Finally, and potentially most significant, it appears that the D.C. Circuit will have an opportunity to address the limitations that constitutional protections place on congressional investigations. Although Congress takes a dim view of many privileges and protections, including the attorney-client privilege and executive privilege, Congress readily acknowledges that it is bound by constitutional limitations such as the First Amendment.  There is very little recent case law addressing constitutional protections in the context of congressional investigations, even as the Supreme Court’s views on the First Amendment and other constitutional rights have evolved over recent decades.

House Clerk’s Office Apparently Sends Out Late Lobbyist Report Notices In Error

Earlier this afternoon, the House Clerk’s Office sent out emails to a number of registered federal lobbyists and lobbyist organizations alerting them to a missing 2016 Mid-Year LD-203 contribution report (due on August 1, 2016).  It appears that this email was sent in error to a batch of registrants who properly filed their reports on time.  We have confirmed with the House Clerk’s office that they are aware of this error.

It is unclear how many of these erroneous LD-203 late notice emails were sent, but if you received one, you should be on the lookout for a clarifying email from the Clerk’s Office.  If you call to try to confirm your filings, you may face long hold times.

IRS Steps into Fray on Political Activities

The Internal Revenue Service (IRS) recently issued two private letter rulings (PLRs) that may be interesting for tax-exempt organizations that engage in political activity.

In the first ruling, the IRS held that a company could not deduct payments made to charity under a PAC matching contribution program as an “ordinary and necessary business expense.”  While the Internal Revenue Code already prohibits income tax deductions for political contributions, the company requested a PLR holding that the charitable contributions are deductible business expenses.  In rejecting the deduction, the PLR reasoned that “the contributions to [the] PAC and [the company’s] matching contributions are inextricably linked,” because the company would not have donated to the charity but for the employees’ contributions to the PAC.   Plus, the letter held, the matching program is intended to incentivize contributions to the PAC,  thus the charitable contributions are clearly “in connection with a political campaign” and not deductible.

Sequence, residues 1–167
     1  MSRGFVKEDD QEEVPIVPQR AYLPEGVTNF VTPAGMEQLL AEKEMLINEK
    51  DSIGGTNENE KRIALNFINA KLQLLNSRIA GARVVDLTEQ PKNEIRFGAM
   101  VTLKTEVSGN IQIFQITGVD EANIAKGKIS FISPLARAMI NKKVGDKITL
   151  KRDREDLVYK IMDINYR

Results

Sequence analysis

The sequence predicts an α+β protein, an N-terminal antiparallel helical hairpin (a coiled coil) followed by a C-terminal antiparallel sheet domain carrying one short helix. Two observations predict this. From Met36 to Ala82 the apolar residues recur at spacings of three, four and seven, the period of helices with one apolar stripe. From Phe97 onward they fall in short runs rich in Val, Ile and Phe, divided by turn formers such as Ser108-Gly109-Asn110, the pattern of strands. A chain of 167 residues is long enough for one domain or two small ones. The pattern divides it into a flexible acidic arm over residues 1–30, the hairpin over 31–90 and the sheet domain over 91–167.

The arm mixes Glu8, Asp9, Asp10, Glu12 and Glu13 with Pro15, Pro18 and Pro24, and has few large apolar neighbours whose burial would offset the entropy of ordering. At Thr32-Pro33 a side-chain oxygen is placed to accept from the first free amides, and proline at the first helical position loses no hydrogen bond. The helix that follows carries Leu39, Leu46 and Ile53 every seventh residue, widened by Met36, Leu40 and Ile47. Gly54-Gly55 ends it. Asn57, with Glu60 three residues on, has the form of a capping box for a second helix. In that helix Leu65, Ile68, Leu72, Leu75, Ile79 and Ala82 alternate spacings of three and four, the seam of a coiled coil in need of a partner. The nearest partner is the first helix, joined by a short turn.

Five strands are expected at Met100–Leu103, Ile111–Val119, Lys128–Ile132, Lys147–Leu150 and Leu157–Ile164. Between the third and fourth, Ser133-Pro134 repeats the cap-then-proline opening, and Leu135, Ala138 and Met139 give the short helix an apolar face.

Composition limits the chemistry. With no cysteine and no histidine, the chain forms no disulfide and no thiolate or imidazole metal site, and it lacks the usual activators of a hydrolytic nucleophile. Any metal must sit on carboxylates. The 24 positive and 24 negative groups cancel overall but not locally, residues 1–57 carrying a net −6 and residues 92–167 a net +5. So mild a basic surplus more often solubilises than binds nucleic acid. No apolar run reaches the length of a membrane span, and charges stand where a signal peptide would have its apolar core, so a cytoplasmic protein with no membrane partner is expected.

The PLR comes on the heels of the FEC’s surprise approval of 2-to-1 corporate charitable PAC match programs this past January and provides some clarity into the tax implications of such matching programs. While campaign finance law now clearly allows corporations to grow their PACs by sponsoring charitable matching programs to incentivize giving, these programs should be viewed with eyes wide open: charitable contributions that help pad a corporate PAC’s coffers are not deductible business expenses.

In a separate ruling, the IRS issued a PLR late last year formally rejecting an organization’s qualification as a 501(c)(4) social welfare organization because it failed to adequately explain what social welfare activities it would undertake.  The organization  applied for (c)(4) status, claiming that its sole activity in the prior year was to hold a candidate forum and that it had no future activities planned.  The organization also acknowledged that it planned to spend money to influence elections, although that was not its primary purpose. The organization repeatedly ignored IRS requests for additional information to verify the social welfare activities of the organization.

Unlike 501(c)(3) charitable organizations, 501(c)(4) organizations may conduct some political activity as long as it is not the organization’s primary purpose.  501(c)(4)s are a common vehicle for lobbying activity, in the form of direct and grassroots advocacy, and some political expenditures; however, the PLR is an important reminder that a (c)(4) must engage in some social welfare activities, which do not include intervention in campaigns for or against candidates.

The PLR also emphasizes the importance of prospectively explaining to the IRS the exempt activities the organization plans to undertake.  While the letter acknowledged that “candidate forums” and similar activities “may meet the definition of social welfare by furthering voter education purposes,” it still faulted the organization for failing to describe its “planned activities for the future.”

Finally, the letter serves as a cautionary tale for (c)(4)s that failure to respond to questions by the IRS could result in the denial of tax-exempt status.  We note that the organization had the option to “self-declare” tax-exempt status as a 501(c)(4) organization rather than filing an application with the IRS.

501(c)(4) Social Welfare Organizations Must Provide Notice to the IRS

In December 2015, we informed readers of the new requirement for 501(c)(4) social welfare organizations to notify the IRS upon formation. Enforcement of the requirement was delayed until the IRS was able to issue an appropriate form. The IRS recently announced that 501(c)(4) organizations may now register on the IRS website.  We respond to common questions about the procedure below.